Afterwards, we can minimize $\mathbf x_2$ for a fixed $\mathbf x_1' =\mathbf x_1+\delta_1$.


Thus, we can apply the following LM scheme:

$\text{repeat until convergence}$

$\quad\quad\mathbf b_1 := -\frac{\partial f(\mathbf x)}{\partial \mathbf x_1}f(\mathbf x)$

$\quad\quad\mathbf b_2 := -\frac{\partial f(\mathbf x)}{\partial \mathbf x_2}f(\mathbf x)$

$\quad\quad\mathtt A := \frac{\partial f(\mathbf x)}{\partial \mathbf x_1}^\top\frac{\partial f(\mathbf x)}{\partial \mathbf x_1}+\lambda \mathtt I$

$\quad\quad\mathtt B := \frac{\partial f(\mathbf x)}{\partial \mathbf x_1}^\top\frac{\partial f(\mathbf x)}{\partial \mathbf x_2}$

$\quad\quad\mathtt C := \frac{\partial f(\mathbf x)}{\partial \mathbf x_2}^\top\frac{\partial f(\mathbf x)}{\partial \mathbf x_2}+\lambda \mathtt I$

$\quad\quad\delta_1 := (\mathtt A - \mathtt B\mathtt C^{-1} \mathtt B^\top)^{-1}( \mathbf b_1-\mathtt B\mathtt C^{-1} \mathbf b_2)$

$\quad\quad \mathbf x'_1 := \mathbf x_1 + \delta_1 $

$\quad\quad\mathbf x_2' := \arg\min_{\mathbf x_2}F(\mathbf x_1',\mathbf x_2)$

$\quad\quad \text{if } F(\mathbf x_1',\mathbf x_2') \ll F(\mathbf x_1,\mathbf x_2)$

$\quad\quad\quad\quad \mathbf x_1 := \mathbf x_1'$

$\quad\quad\quad\quad \mathbf x_2 := \mathbf x_2'$

$\quad\quad\quad\quad \text{decrease } \lambda$

$\quad\quad \text{else}$

$\quad\quad\quad\quad \text{increase } \lambda$

$\quad\quad \text{end}$

$\text{end}$


Update: Alternatively/equivalently, we can simply solve the whole normal equation, (ignore $\delta_2$) and minimize $\mathbf x_2$ afterwards:

$\text{repeat until convergence}$

$\quad\quad$ solve $\begin{bmatrix}\mathtt A & \mathtt B\\ \mathtt B^\top & \mathtt C\end{bmatrix}\cdot \begin{bmatrix}\delta_1\\\delta_2\end{bmatrix} = \begin{bmatrix}\mathbf b_1\\\mathbf b_2 \end{bmatrix}$

$\quad\quad \mathbf x'_1 := \mathbf x_1 + \delta_1 $

$\quad\quad\mathbf x_2' := \arg\min_{\mathbf x_2}F(\mathbf x_1',\mathbf x_2)$

$\quad\quad \text{if } F(\mathbf x_1',\mathbf x_2') \ll F(\mathbf x_1,\mathbf x_2)$

$\quad\quad\quad\quad \mathbf x_1 := \mathbf x_1'$

$\quad\quad\quad\quad \mathbf x_2 := \mathbf x_2'$

$\quad\quad\quad\quad \text{decrease } \lambda$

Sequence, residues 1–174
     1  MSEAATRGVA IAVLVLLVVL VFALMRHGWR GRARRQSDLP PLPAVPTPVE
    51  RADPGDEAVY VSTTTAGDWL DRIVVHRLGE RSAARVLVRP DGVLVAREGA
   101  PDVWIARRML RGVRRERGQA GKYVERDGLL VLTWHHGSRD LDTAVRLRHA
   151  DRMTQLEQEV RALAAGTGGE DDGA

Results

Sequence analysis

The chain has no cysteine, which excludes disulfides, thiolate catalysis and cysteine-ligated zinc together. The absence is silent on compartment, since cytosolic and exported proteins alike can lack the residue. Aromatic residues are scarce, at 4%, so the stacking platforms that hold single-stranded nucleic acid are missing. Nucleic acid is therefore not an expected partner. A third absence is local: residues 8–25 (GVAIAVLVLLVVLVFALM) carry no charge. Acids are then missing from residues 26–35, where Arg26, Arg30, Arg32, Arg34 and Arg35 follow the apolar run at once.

$\quad\quad \text{else}$

$\quad\quad\quad\quad \text{increase } \lambda$

$\quad\quad \text{end}$

$\text{end}$

Which of the two formulations is more efficient depends on the specific problem (sparseness structure and dimensionality of $\mathtt{ A, B, C}$ etc.).


Note that this scheme is much better than doing alternation, since the update $\delta_1$ takes the following update on $\mathbf x_2$ into account.

Update2: Of course, I did not invent this scheme. I am not aware of any textbook mentioning it, but I have seen something like this in the context of bundle adjustment: http://research.microsoft.com/pubs/131806/Jeong-CVPR10.pdf (embedded point iteration).

share|improve this answer
    
That seems pretty nice. It ought to be in the text books. It does look you may need to fully invert C though, which isn't always convenient. –  Dan Piponi Nov 17 '11 at 21:56
    
I updated the answer. There is a straightforward solution without inverting C, but might be less efficient. –  Hauke Strasdat Nov 18 '11 at 1:59
    
Also, there are ways to rewrite the equation $\delta_1 =...$ such that the matrix inversions of C are replace systems of linear equations. –  Hauke Strasdat Nov 18 '11 at 2:06
    
Beautiful! ${}$ –  J. M. Nov 18 '11 at 4:34

Your Answer

 
discard

By posting your answer, you agree to the privacy policy and terms of service.

Not the answer you're looking for? Browse other questions tagged or ask your own question.